We therefore posit that the melt in which clinopyroxene with relatively high δ18O values grew was contaminated in the mid- to upper crust by crustal material enriched in 18O, such as carbonates, calc-silicates and/or siliciclastic sedimentary rocks derived from sedimentary basin fill and altered volcanic debris, which are all present to variable degrees under Central and East Java13,31,53. Moreover, recently erupted lavas at Kelut and Merapi contain a variety of crustal xenoliths, including some of siliciclastic and carbonate sedimentary origin, which provide first-hand evidence for magma–crust interaction in the region (e.g. refs. 13,31,53). The Sr isotope ratios in lavas from Central and East Java are consistent with this model, as the Merapi and Kelut lavas utilised in this study have mean 87Sr/86Sr ratios of 0.705716 ± 0.000010 and 0.704244 ± 0.000010, respectively, which extend beyond the likely 87Sr/86Sr ratios of both uncontaminated arc volcanics54 and lavas from Batur and Agung. Indeed, the Sr isotope composition of the Merapi 2006 lava samples overlap regional crustal values and are similar to data reported in previous studies that argue for extensive magma–crust interaction at Merapi53,55. Furthermore, helium isotopes in Merapi fumarole gases range from 5.4 to 5.7 RA (ref. 47) and are distinct from the mantle-like RA values reported for minerals from Batur and Agung (7.4 to 8.8 RA; refs. 14,47,56), suggesting that Merapi magma interacted with crustal material with characteristically low 3He/4He ratios (see also ref. 31). By employing a combined Rayleigh fractionation and binary mixing model and utilising a pristine mantle-type starting composition, the elevated melt δ18O values at Merapi and Kelut can be replicated by invoking ca. 10 % fractional crystallisation accompanied by a maximum of 20 wt.% crustal assimilation. This result is similar to mixing models in δ18O–87Sr/86Sr space, where we can see that some of the clinopyroxene crystals at Batur and Kelut record less than 10 % mixing between a source contaminated parent melt and crustal lithologies, whereas some clinopyroxene grains at Merapi record slightly higher degrees of mixing, again with a maximum of 20 % (Fig. 3c). This amount of crustal assimilation would be manifest as detectable changes to the isotopic composition of rock, mineral, and fumarole emissions, as exemplified at Merapi31,53,55,57,58.

We also note here that a small number of clinopyroxene grains from Batur record both relatively high and low δ18O values (Fig. 3). Minor degrees of crustal assimilation involving both high δ18O material (e.g. volcanoclastic sediments) and low δ18O material (e.g. hydrothermally altered lower arc crust, see refs. 34,35,52) cannot therefore be excluded for Bali sector volcanoes, but this does not seem to be a major process at Agung, which shows a relatively tight range of clinopyroxene δ18O values.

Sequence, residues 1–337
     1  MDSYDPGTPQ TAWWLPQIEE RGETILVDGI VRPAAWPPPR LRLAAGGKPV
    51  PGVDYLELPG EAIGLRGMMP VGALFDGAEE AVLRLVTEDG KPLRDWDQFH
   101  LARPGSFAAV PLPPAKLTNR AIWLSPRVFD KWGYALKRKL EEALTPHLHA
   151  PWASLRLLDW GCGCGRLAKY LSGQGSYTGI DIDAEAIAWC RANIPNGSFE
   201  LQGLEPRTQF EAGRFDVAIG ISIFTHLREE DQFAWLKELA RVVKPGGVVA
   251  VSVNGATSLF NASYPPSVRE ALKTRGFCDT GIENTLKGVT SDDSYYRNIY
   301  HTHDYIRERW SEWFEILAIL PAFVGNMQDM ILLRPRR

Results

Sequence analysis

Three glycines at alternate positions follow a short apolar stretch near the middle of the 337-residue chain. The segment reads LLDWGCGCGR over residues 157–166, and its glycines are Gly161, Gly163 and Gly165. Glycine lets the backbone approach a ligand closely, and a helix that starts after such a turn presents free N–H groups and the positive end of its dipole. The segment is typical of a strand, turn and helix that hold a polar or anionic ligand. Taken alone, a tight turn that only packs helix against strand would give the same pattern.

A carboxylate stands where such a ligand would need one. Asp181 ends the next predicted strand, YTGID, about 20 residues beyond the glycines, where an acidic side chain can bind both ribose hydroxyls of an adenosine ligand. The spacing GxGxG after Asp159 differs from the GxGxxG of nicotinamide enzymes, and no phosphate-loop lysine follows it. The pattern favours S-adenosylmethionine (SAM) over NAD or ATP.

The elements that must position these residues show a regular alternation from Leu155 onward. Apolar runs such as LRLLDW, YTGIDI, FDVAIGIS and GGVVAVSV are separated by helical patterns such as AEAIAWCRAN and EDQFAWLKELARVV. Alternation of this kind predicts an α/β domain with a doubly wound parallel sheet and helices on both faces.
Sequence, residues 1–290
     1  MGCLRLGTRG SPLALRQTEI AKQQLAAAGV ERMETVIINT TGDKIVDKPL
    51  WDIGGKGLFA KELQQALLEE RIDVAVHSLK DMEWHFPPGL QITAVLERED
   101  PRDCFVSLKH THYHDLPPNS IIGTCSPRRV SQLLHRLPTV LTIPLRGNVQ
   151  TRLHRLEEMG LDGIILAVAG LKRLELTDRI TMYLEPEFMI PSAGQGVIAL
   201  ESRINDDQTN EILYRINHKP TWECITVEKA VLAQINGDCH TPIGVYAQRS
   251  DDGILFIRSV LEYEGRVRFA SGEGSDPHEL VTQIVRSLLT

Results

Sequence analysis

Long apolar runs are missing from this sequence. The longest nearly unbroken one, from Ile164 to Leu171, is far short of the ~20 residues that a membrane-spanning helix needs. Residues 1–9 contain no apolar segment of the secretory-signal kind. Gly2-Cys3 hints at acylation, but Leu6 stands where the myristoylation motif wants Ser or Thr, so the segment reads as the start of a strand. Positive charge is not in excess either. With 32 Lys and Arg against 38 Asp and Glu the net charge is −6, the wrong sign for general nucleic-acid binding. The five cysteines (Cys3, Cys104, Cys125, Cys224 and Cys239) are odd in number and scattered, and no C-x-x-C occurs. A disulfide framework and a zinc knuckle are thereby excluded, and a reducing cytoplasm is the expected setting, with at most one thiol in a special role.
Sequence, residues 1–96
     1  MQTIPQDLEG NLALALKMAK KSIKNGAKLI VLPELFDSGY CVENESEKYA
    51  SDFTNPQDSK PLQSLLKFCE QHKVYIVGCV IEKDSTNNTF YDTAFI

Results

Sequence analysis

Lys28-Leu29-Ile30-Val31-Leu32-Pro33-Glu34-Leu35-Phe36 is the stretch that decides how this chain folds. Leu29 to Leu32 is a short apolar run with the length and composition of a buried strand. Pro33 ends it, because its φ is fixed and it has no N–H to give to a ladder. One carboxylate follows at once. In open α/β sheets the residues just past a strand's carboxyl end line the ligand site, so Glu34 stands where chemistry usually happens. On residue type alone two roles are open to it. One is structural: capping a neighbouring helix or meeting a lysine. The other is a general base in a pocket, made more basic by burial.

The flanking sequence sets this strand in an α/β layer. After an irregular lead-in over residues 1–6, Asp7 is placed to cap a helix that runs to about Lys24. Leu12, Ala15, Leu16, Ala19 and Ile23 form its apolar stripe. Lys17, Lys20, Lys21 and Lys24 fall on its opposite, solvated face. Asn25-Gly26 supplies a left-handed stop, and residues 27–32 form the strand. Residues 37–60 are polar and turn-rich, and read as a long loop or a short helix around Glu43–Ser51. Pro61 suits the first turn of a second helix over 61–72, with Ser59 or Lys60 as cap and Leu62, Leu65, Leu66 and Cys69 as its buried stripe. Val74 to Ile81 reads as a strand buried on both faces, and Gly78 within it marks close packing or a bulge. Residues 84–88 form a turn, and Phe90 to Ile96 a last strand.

Arc-wide δ18O record of mafic minerals

The previously published oxygen isotope data for pyroxene from the Sunda arc were obtained by either conventional fluorination (CF) of powdered mineral separates13,26,31 or laser fluorination (LF) of single or several crystals13,14,30,31,36,37. The SIMS method differs in that it analyses a sample volume many orders of magnitude smaller than these methods and offers a high degree of spatial control during analysis. Here we compare our new SIMS data to the available LF data for the Sunda arc, disregarding data obtained on relatively large volume, pulverised bulk mineral separates analysed by CF in order to facilitate as direct a comparison as possible12 (cf. Fig. 1).

Looking at East Java, the literature data for Ijen volcano37 fit into the step-wise decrease in mean pyroxene δ18O values from west to east, giving a sequence of: Merapi = 5.8 ‰, Kelut = 5.6 ‰, Ijen = 5.5 ‰, Batur = 5.3 ‰, and Agung = 5.2 ‰ (Fig. 4). This is consistent with the idea that pyroxene formed principally within the deeper parts of the magma plumbing system at Ijen, with minimal interaction with the arc crust reflected in pyroxene δ18O values37,52. In West Java, pyroxene grains from Gede volcano yielded a mean δ18O value of 5.7 ‰ (ref. 30), similar to Merapi. Two-pyroxene geothermobarometry has shown that Gede pyroxene crystallised at 13–24 km depth within the arc crust30, which is similar to pyroxene crystallisation depths of 9–21 km depth calculated for the Merapi 2006 eruption12, thus offering a possible explanation for their similar δ18O values. Pyroxene grains from Salak volcano, on the other hand, record a relatively low mean δ18O value of 5.3 ‰ (ref. 36), more akin to the δ18O values observed on Bali. We cannot fully assess whether Salak pyroxenes truly record mantle-like δ18O values, as only three analyses are available. However, it is possible that either i) a relatively unmodified δ18O value was sampled at Salak36 or ii) Salak magma assimilated 18O-depleted lower arc crust whose δ18O values were modified by high temperature alteration52. Assimilation of low δ18O hydrothermally altered crust has been suggested based on a small number of low δ18O values in plagioclase at Merapi35, however, in the case of Merapi, the dominant crustal influence appears to come from 18O-enriched crustal sedimentary rocks31 (Fig. 3c, d). In summary, oxygen isotope heterogeneity is introduced via magma–crust interaction involving various types of crustal materials to an increasing degree as we move westwards from Agung to Central Java (Fig. 4). This crustal influence is greatest in Central Java where clinopyroxene δ18O values peak at 7.1 ‰ at Merapi and decreases towards West Java. The Central Java δ18O “high” appears to coincide geologically with the Kendeng sedimentary basin in Central and East Java, which contains >6 km low density volcaniclastic and sedimentary rocks59 (Fig. 1). Mafic magma plumbing systems intersecting this sedimentary basin would likely foster magma–crust interaction causing relatively high δ18O values in clinopyroxene.